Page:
Ancient History

Rationale/Aims

The Ancient History curriculum enables students to study life in early civilisations based on the analysis and interpretation of physical and written remains. The ancient period, as defined in this curriculum, extends from the development of early human communities to the end of late antiquity AD 650, with a particular focus on the ancient societies of Europe, the Near East and Asia.

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Structure of Ancient History

In Ancient History, students study the key institutions, structures and features of ancient societies and develop a broader and deeper comprehension of the origins, impact and legacy of ideas, beliefs and values of the ancient world.

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Links to Foundation to Year 10

The Ancient History curriculum continues to develop student learning in history through the same strands used in the Foundation to Year 10 history curriculum, although the historical knowledge and understanding strand includes a wider range of concepts and contexts for historical study.

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Representation of General capabilities

The seven general capabilities of Literacy, Numeracy, Information and Communication technology (ICT) capability, Critical and creative thinking, Personal and social capability, Ethical understanding, and Intercultural understanding are identified where they offer opportunities to add depth and richness to student learning.

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Representation of Cross-curriculum priorities

The Aboriginal and Torres Strait Islander histories and cultures is addressed in this subject through the investigation of sites of significance to Aboriginal and Torres Strait Islander people, and the preservation and conservation of those sites.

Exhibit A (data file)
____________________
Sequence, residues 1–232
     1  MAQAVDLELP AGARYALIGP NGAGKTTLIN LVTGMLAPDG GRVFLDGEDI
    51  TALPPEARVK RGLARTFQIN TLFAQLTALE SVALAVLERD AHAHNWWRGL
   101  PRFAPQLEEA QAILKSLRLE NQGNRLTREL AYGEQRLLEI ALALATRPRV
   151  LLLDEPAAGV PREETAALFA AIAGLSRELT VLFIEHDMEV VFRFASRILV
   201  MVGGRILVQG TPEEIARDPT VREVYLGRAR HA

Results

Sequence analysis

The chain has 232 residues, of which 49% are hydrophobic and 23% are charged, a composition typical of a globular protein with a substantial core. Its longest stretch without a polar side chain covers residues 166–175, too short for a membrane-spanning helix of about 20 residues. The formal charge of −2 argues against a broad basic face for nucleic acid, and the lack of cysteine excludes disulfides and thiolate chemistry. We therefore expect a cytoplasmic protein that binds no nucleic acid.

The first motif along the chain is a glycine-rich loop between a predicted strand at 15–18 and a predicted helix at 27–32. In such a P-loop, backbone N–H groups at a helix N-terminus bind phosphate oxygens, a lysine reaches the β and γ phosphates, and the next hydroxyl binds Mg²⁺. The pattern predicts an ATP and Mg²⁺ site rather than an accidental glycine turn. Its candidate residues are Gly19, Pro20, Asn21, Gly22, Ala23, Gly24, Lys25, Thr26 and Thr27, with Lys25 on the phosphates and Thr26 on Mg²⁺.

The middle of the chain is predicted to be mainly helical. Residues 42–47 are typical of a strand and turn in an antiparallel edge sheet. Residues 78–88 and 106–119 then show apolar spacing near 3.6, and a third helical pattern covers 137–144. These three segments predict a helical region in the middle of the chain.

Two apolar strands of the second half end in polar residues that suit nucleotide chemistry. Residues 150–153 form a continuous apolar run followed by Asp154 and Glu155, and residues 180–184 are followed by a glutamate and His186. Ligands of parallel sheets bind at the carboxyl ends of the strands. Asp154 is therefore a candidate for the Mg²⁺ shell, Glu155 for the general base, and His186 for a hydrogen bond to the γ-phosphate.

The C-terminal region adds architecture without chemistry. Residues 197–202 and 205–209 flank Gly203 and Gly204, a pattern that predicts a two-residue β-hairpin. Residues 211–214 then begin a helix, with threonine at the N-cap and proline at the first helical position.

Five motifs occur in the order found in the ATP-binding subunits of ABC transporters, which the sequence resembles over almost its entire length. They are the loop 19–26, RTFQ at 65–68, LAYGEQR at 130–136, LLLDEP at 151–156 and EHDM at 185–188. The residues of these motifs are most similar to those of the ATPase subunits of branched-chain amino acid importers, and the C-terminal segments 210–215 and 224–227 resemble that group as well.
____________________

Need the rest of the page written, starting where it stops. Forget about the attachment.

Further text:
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Achievement standards

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Unit 4: Reconstructing the Ancient World

Unit 4: Reconstructing the Ancient World Description

This unit involves an investigation of a significant historical period through an analysis of relevant archaeological and written sources. Students will examine how these sources have been used to construct an understanding of the relevant social, political, religious and economic institutions and practices, and key events and individuals of the historical period.

This unit allows for greater study of historiography and the challenges associated with the interpretation and evaluation of the evidence. Students will analyse the reliability and usefulness of a wide range of sources and the contribution of new research and scholarship to the reconstruction of the historical period. The unit enables students to develop their understanding of changing interpretations over time and appreciate the contestable nature of history and the value of the ancient past.

The key conceptual understandings of this unit include: usefulness and reliability of sources, perspectives, interpretations, contestability, reconstruction and conservation.


Unit 4: Reconstructing the Ancient World Learning Outcomes

By the end of this unit, students:

  • understand the nature, purpose and significance of the sources and the extent to which they contribute to an understanding of the key features and developments of the historical period
  • understand issues relevant to the interpretation of sources and the reconstruction of the historical period, including the fragmentary nature of the evidence, reliability, excavation, and conservation
  • apply key concepts as part of a historical inquiry, including evidence, significance, perspectives, interpretations and contestability
  • use historical skills to investigate the historical period, and evaluate the usefulness and reliability of the sources, evaluate interpretations, and communicate historical arguments.

Unit 4: Reconstructing the Ancient World Content Descriptions

Historical Skills

All the following skills will be studied during this unit.

Chronology, terms and concepts

Identify links between events to understand the nature and significance of causation, change and continuity over time  (ACHAH254)

Use historical terms and concepts in appropriate contexts to demonstrate historical knowledge and understanding (ACHAH255)

Historical questions and research

Formulate, test and modify propositions to investigate historical issues (ACHAH256)